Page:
Bachelor of Science, Dental Hygiene, University of New Mexico (http://www.unm.edu/), Albuquerque, New Mexico

Member

American Dental Hygienists Association (http://www.adha.org/, ADHA)

Working and Continuing My Education

I left Texas with my Associate degree, which was all I needed to practice dental hygiene. Although I was just a few hours short of my Bachelors degree, the school closed the program for an undetermined amount of time. I decided not to wait around. I went back to New Mexico to practice, earn a living, and get out in the world. I wasn’t sure about continuing on for my Bachelors degree at that point.

As the years went by, I realized I wanted it just for me. It wouldn’t make a difference in my earning power or responsibilities in private practice, but as a researcher, it could. Since I could do distance study and a field project in the research arena, I decided to complete my bachelors degree at University of New Mexico, where I had done my first 2 years of college.

Great Instructors

I had two great instructors in the dental hygiene program in Texas. Both of these women made me see my career as more than just a way to earn an income. They helped me find work that I had a passion for. The director of the program was a woman of great warmth and compassion. She showed me how to connect the professional aspects of the work with the human side, which includes respect for the patient. Another one of my clinical instructors loved her work. She taught it with great enthusiasm and based on standards for excellence. She placed the highest expectations on her students. I would sweat at every exam and every evaluation. When a student was successful in her eyes, we knew we had earned it. She was, and is very active in her state organizations. She has contributed a great deal to dental hygiene, not only as a profession, but also as a guide to her students, instilling a sense of pride and integrity in each of us.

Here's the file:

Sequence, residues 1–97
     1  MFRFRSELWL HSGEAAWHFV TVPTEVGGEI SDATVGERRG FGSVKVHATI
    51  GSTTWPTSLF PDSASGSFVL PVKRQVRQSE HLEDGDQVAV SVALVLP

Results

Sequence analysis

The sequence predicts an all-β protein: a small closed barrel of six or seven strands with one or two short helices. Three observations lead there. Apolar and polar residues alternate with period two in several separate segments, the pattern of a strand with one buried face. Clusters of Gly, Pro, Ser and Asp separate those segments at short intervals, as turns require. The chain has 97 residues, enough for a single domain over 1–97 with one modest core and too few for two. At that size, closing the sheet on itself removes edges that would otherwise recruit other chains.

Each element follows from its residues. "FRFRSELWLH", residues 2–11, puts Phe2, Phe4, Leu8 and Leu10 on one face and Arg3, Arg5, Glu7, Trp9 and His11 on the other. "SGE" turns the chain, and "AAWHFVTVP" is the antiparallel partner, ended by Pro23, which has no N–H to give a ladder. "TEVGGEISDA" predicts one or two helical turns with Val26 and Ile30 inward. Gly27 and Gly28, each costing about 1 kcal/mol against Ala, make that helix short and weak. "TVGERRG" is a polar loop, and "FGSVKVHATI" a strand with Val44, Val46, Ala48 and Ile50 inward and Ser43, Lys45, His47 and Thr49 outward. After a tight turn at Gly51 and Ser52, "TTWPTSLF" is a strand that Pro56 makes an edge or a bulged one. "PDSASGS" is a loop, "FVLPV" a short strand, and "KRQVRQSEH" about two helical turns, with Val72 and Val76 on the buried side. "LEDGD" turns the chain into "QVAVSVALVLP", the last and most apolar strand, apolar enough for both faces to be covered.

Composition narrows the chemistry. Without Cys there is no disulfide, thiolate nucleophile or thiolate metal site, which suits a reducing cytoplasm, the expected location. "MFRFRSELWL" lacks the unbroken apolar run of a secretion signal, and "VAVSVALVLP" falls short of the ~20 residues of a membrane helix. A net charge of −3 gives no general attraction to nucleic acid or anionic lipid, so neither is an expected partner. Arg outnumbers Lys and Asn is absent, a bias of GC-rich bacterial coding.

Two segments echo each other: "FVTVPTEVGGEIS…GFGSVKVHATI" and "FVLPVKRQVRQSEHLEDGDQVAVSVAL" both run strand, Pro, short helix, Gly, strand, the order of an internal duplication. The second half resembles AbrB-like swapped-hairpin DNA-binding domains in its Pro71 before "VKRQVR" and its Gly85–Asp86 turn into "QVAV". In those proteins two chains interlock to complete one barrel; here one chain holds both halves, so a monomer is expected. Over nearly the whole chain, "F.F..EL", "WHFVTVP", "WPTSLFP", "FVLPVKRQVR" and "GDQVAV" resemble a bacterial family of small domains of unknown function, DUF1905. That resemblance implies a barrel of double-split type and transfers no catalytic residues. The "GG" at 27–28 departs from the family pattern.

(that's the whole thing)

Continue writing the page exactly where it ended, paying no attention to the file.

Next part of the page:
2. My career path...

Back to Top  Back to top
As shown here, typical instruments that Sherri Gollins uses to examine the oral environment include scalers, currettes, explorers and probes.
As shown here, typical instruments that Sherri Gollins uses to examine the oral environment include scalers, currettes, explorers and probes.

I chose this career path because I had the opportunity to teach people to be in charge of their own health. Funny how my original career choice to become a teacher snuck its way in. A large part of what I needed to do, in order to be effective, was to teach and guide. In the beginning of my career, it was about improving the environment of the oral cavity. However, as many of us suspected, it has been proven that the oral environment has an affect on many more systems in our body. It becomes more than just mouth care.